Look, we can have a serious debate about the role of government in healthcare, and that's a debate I'm happy to have with you, but those opposed to President Obama's plan should stop with the whole "the only voice in you're health plan discussion should be your's and your doctor's" argument. It hasn't been that way for years and it's disingenuous to pretend otherwise.
...I'd still like to visit the Netherlands;
...I know that's not news, but even by Republican standards this was pretty stupid and low;
"If we're able to stop Obama on this (health care reform), it will be his Waterloo, it will break him." Sen. Jim DeMint (R-S.C.) from a conference call with conservative activists via Washington Post
Really? I don't think anyone would argue that we're facing serious issues with our current health care system. We might argue on how best to address those issues, and whether or not there should be a public option, but everyone pretty much agrees that there's a problem. What's Sen. DeMint's idea? Defeating Obama. And they wonder why they're called "The Party of No". Idiots...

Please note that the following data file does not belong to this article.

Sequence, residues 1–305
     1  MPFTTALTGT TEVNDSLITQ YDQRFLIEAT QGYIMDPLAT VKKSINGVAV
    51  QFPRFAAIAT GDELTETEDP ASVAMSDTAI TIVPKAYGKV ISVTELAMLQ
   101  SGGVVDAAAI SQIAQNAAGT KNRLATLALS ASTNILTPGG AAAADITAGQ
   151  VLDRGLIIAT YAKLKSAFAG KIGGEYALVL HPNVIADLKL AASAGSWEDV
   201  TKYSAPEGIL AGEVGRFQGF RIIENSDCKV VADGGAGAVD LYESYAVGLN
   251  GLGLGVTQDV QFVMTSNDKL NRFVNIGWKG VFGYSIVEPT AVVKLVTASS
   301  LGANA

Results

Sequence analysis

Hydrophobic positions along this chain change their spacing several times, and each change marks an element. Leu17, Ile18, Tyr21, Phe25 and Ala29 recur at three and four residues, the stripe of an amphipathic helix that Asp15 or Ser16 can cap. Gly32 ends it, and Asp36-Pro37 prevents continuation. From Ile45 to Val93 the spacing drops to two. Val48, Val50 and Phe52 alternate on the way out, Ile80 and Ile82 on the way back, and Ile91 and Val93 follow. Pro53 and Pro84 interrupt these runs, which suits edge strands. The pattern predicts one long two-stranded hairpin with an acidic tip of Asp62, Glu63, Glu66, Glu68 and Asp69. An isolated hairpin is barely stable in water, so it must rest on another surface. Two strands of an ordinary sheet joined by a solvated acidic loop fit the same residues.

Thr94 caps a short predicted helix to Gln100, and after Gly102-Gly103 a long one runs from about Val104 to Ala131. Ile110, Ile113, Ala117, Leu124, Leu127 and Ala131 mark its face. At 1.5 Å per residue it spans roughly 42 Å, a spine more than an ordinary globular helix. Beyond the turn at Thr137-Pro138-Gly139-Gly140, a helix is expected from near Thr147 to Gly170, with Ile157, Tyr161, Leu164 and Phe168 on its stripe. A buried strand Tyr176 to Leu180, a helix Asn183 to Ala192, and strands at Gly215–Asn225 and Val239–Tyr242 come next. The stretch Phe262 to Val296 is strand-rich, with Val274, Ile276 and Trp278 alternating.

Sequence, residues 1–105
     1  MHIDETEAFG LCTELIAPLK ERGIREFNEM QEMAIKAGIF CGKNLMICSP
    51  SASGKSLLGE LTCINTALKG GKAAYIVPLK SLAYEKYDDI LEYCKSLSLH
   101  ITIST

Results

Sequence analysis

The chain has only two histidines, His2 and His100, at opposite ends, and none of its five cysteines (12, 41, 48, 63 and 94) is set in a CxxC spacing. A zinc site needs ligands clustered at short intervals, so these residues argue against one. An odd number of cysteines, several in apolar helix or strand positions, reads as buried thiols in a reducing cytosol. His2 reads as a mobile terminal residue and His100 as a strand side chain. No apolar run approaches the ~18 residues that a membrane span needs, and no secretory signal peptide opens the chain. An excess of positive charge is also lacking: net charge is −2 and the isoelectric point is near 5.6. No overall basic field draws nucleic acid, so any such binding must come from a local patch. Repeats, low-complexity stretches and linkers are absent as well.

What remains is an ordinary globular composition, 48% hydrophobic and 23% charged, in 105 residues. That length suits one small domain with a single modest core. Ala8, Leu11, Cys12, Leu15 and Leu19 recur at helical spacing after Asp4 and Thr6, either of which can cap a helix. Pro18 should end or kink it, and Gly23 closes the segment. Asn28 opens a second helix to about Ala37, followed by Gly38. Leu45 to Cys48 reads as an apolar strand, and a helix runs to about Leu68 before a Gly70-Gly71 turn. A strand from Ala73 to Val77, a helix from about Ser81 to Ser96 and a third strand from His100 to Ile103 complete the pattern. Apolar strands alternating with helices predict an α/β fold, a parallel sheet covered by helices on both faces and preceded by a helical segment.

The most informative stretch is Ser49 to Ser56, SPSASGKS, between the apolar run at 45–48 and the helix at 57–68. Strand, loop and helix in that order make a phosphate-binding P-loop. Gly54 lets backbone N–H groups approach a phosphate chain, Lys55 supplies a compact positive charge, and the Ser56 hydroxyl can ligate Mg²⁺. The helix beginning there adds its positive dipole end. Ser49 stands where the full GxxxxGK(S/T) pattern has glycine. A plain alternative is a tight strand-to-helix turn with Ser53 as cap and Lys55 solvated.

I generally believe that when someone has an affair, it's their issue. It's sad for the spouse and family affected, but it's basically personal. I understand that when it involves a public figure it's news (see Edwards, John), and I'm fine with that, but I wouldn't necessarily feel the need to comment on it.
Here is candidate Ensign in 1998 suggesting that Bill Clinton resign because of his affair, saying that he "had no credibility left" (how's the credibility thing working out for you?)
Here is Sen. Ensign explaining in 2004 that we need a Constitutional amendment protecting marriage from Teh Gay (I'm guessing that's why he had an affair, because LGBT people love each other).
Here is Sen. Ensign in 2007 explaining why Larry Craig should resign ""There's too many people that paint with a broad brush that we're all corrupt, we're all amoral. … And having these kinds of things happen, whether it's a Republican or Democratic senator — we certainly have had plenty of Democratic scandals in the past — we need people who are in office who will hold themselves to a little higher standard." (that one pretty much speaks for itself)